/ I used to work in banking. The overdraft coverage changes were a huge pain in the ass.
 
2012-07-15 11:00:06 PM

The My Little Pony Killer: Steven Rules: The My Little Pony Killer: Too little, too late.

/farking thieves

Here's a novel idea. Don't spend money you don't have.

Here's a novel idea. Making assumptions about other people usually makes an ass of someone, and it's usually not the person you're assuming things about.


Reminds me of an XKCD strip I saw...
 
2012-07-16 08:19:37 AM
There's at least one other bank removing overdraft fees on purchases of less than $5. I wonder if there's not a new regulation kicking in.

They also got rid of the "We're going to charge you a daily over-limit fee. Also, we're going to charge you an overdraft fee on the daily over-limit fee that we just charged you. Furthermore, even though we have your e-mail and a messaging system built into our online banking, we're going to notify you by mail. So it looks like that being $2 in the hole on Monday has turned into $333 by Friday. Oh, and when you check your statement, it's not going to show the pending overdraft fees we're getting ready to charge. So if you're down by $333, and you put in anything less than $360, you're going to be overdrawn tomorrow morning when we hit you with yesterday's over-limit fee."
 
2012-07-16 08:22:49 AM

Steven Rules: The My Little Pony Killer: Too little, too late.

/farking thieves

Here's a novel idea. Don't spend money you don't have.


That works great.
Except that many debit cards don't simply quit working when the associated account reaches zero.
Bend over, serf.
 
2012-07-16 08:27:00 AM

AgonistAlex: The software WAS changed, in 2001, to post them in that order. Chase did it first. I was working for them at the time, and it was stated to us, that we were not allowed to tell customers, but the change was made specifically to increase fees.


Wachovia got me once and I closed the account. My mathematical error cost me something like $350 in fees on seven small purchases totalling about $225 in items. The debit card continued to work after my account was empty. A package of fig newtons I bought for the kids cost me a little more than $34 bucks.

I went unbanked for a few years, then joined a credit union.
 
2012-07-16 09:50:29 AM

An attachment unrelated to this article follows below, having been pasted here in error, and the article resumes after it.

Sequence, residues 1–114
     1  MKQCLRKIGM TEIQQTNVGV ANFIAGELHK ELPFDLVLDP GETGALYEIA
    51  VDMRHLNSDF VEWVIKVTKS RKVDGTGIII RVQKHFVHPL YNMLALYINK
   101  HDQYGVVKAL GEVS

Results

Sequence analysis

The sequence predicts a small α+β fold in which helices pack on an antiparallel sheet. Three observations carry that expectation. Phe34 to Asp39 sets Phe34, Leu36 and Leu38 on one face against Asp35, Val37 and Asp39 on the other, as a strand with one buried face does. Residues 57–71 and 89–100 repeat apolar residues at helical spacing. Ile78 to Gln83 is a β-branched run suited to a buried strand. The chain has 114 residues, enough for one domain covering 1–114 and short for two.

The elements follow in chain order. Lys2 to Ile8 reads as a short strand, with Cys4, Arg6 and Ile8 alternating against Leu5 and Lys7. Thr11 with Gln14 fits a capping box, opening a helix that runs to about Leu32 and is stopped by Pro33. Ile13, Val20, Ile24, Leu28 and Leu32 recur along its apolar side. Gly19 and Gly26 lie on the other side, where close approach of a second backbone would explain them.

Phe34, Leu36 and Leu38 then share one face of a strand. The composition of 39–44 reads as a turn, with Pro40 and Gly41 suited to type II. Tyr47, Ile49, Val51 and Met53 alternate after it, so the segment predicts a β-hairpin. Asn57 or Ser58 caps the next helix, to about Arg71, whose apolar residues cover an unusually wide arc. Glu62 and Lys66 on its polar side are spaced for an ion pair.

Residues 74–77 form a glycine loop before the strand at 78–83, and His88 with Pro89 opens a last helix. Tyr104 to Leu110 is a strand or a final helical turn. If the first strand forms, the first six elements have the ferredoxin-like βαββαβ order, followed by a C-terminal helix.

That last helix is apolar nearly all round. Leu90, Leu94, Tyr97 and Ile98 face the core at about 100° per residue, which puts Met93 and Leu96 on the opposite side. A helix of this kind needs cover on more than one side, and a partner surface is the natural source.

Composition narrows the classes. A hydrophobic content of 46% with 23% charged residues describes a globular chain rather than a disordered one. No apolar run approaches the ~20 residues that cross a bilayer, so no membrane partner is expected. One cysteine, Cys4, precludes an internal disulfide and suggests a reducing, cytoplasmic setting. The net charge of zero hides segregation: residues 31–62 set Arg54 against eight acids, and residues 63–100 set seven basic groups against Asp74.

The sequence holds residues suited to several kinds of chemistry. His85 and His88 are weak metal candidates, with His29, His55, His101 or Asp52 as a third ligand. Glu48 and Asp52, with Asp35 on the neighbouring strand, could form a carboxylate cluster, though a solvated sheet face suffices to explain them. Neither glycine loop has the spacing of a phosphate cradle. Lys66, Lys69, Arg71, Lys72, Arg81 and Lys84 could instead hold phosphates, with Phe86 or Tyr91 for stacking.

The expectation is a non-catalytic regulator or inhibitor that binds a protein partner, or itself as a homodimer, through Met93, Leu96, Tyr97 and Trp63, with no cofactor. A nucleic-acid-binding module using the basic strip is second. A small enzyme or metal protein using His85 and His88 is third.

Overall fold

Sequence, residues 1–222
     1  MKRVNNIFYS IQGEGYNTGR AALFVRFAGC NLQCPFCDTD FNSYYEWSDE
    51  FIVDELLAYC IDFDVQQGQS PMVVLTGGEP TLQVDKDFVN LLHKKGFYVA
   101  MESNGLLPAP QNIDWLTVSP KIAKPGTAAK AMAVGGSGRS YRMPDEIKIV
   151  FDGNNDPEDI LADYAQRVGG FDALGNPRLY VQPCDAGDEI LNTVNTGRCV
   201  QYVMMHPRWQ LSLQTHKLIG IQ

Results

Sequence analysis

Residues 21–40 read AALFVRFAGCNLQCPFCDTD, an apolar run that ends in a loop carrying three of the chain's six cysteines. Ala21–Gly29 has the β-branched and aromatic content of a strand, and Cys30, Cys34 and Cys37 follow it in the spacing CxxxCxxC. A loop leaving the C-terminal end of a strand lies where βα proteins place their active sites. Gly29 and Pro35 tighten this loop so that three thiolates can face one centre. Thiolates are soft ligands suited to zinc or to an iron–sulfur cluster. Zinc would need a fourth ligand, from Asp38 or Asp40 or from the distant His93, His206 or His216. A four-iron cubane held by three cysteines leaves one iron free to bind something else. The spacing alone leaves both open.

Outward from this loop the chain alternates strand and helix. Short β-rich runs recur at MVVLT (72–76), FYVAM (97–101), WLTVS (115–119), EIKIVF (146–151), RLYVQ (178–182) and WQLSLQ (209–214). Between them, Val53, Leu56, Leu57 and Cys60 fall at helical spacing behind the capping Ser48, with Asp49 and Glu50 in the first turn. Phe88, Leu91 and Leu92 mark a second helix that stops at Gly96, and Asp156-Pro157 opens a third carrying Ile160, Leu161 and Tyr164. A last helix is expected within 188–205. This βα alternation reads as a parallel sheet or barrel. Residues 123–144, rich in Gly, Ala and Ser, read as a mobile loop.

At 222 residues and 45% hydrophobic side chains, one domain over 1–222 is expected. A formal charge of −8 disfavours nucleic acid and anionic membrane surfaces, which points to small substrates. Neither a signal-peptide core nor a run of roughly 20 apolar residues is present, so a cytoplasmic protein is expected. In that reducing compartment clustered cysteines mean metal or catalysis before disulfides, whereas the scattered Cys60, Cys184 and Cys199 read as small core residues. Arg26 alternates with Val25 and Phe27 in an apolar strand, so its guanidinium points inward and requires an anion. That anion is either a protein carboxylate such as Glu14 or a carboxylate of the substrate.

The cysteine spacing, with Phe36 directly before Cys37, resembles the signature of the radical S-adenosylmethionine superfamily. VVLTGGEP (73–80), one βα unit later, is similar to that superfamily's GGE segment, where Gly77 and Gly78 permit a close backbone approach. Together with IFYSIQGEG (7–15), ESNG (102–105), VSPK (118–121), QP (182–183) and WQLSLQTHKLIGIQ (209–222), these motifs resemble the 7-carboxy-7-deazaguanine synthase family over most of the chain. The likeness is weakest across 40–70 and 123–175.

When chase bought Washington mutual, they instantly raised my credit card rates from 11% to 29%.

When I went in to close my account, they asked me why. I told them they were only one step up from bank of America.

/csb
 
2012-07-16 09:55:16 AM

sexy-fetus: SmitetheRighteous: If you're the type who constantly triggers overdraft fees that this would actually qualify as exciting news, you have bigger problems than a shiatty bank trying to rip you off.

True, but having one less worry is nice.
I've heard several people complain about overdrafting $30 and the bank rearranging purchases to stack overdraft fees on as many small charges as they can turning that one overdraft into 5 or 6. If you are in the situation that you're overdrafting, chances are that $200 in fees is going to have disastrous effects on your already shiatty life.
I've talked about this with a friend in banking and he explained that it's not the bank trying to screw people, it's a software issue. Basically the computer likes to work largest to smallest when it divvies up at the end of the day.
This sounds like they're trying to find an easy solution to that problem without having to completely rework the software.


Happened to me once, but new rules stop them from being able to do it. It's not a daily thing...they sat on small purchases for a day or 2 in order for the big one that was coming due to be processed first. Definitely wasn't a daily systems thing.

Still a nice move by Chase.
 
2012-07-16 10:43:12 AM

senzasord: The trick is that you have to opt-in to overdraft coverage in order to have this "benefit" by Chase. Similarly, Huntington Bank offers "24 hour grace" on overdrafts. But in order to have this you must opt-in to overdraft coverage.

If you opt out, you can't overdraw your account and the bank can't collect those fees from you.


This. I'd much rather be denied at the 7-11 than see one of those "overdraft protection racket" fees on my statement.
 
2012-07-16 06:08:32 PM
I had a problem with Pornstar Bank. They accepted my wife's deposit of my paycheck at my home branch, I took out $40 for fuel, and drove to the nearest branch to me (about 2 hours away). I went to cash my paycheck for my new job and was told I was overdrawn. That was an interesting phone call.